- Brian Bennett, ESPN Staff Writer
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Pittsburgh has a mulligan left.
The No. 9 Panthers don't need to win Friday night at West Virginia in order to bring home a Big East title or BCS bid. All they have to do for that is beat Cincinnati on Dec. 5.
Of course, there's a big difference between need and want. The Backyard Brawl may not have much bearing on Pitt's ultimate goals, but you better believe this is a fight the team does not want to lose.
"We're not looking at it at all like we can still lose this game and beat Cincinnati for the Big East," center Robb Houser said. "We're not even looking at Cincinnati right now because [West Virginia] is a good team and it's a big rivalry. We're focusing on getting these last two games, not what we need for the Big East. We're focusing on winning out."
Pitt coach Dave Wannstedt said earlier this week that his biggest fear wasn't that his players would look past West Virginia. It was that they would look past all the work in practice to get to Friday's game.
"There’s always a fine line when playing West Virginia," Wannstedt said. "It’s a very exciting game for our players. It’s a very emotional game for our players. You also have to be able to understand that the quickest way to be defeated is to be distracted. So you have to go down there and play with a lot of emotion and energy, but at the same time you have to really be focused on the job at hand."
The Panthers have excelled at that the past two years. Arguably the biggest win in the Wannstedt era came in Morgantown two years ago, when Pitt upset West Virginia, 13-9. Wannstedt's team had only four wins going into that game, while the Mountaineers were making plans for the BCS title game. Since that game, Pitt has won 18 of its last 23 contests.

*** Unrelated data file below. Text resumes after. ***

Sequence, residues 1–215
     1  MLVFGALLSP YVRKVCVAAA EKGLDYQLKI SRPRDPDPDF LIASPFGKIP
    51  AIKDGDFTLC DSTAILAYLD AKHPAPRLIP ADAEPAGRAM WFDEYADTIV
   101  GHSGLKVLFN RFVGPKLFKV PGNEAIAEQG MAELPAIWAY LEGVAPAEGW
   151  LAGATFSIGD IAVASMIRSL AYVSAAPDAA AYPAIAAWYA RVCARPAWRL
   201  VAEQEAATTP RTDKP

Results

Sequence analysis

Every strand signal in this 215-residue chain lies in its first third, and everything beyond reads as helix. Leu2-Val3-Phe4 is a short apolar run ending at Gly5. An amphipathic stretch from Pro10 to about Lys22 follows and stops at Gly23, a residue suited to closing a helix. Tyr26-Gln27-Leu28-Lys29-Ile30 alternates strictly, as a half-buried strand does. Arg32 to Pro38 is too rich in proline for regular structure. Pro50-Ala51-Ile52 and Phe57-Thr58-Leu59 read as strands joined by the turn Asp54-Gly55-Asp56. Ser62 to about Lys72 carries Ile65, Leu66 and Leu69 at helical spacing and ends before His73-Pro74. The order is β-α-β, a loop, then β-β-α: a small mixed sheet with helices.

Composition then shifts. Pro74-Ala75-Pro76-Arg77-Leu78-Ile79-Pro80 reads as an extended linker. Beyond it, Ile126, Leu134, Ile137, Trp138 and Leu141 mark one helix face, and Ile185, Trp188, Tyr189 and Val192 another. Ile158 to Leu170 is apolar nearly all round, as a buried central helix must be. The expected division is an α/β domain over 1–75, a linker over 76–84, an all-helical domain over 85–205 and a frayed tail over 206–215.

"I think that win, when you look back on it, it gave us life," Wannstedt said. "By that, I mean we had so many recruits that were right on the bubble. It gave us an opportunity to get one more shot at these guys and to say that it will happen and to believe in us.
"You know if you lose that game and come off of a four-win season and go into your offseason program, that’s a challenge, from a coaching standpoint and from a player standpoint. Winning that game, I can remember the first day of the offseason program in January. We had as much enthusiasm from a team standpoint to get started and to try to build on that for the next year as any."
Wannstedt said he remembers seeing recruits lined up on the sideline during pregame warm-ups for that 2007 game. Many of the players were being courted by both schools.
"Within 10 to 14 days [after the win], we got eight commitments," he said. "Two or three of those kids were right there [in Morgantown]."
No doubt that win got Pitt's program jump-started in a lot of ways. Now it's really revved up, with a top-10 ranking, a shot at the Big East title and, of course, a two-game Backyard Brawl winning streak. The Panthers don't want to give any of that back.
"We ruined their chances of a national championship last time we were there, so they're going to be ready for us," tight end Dorin Dickerson said. "This rivalry means a lot and has been good for a lot of years. We want to have the upper hand every year."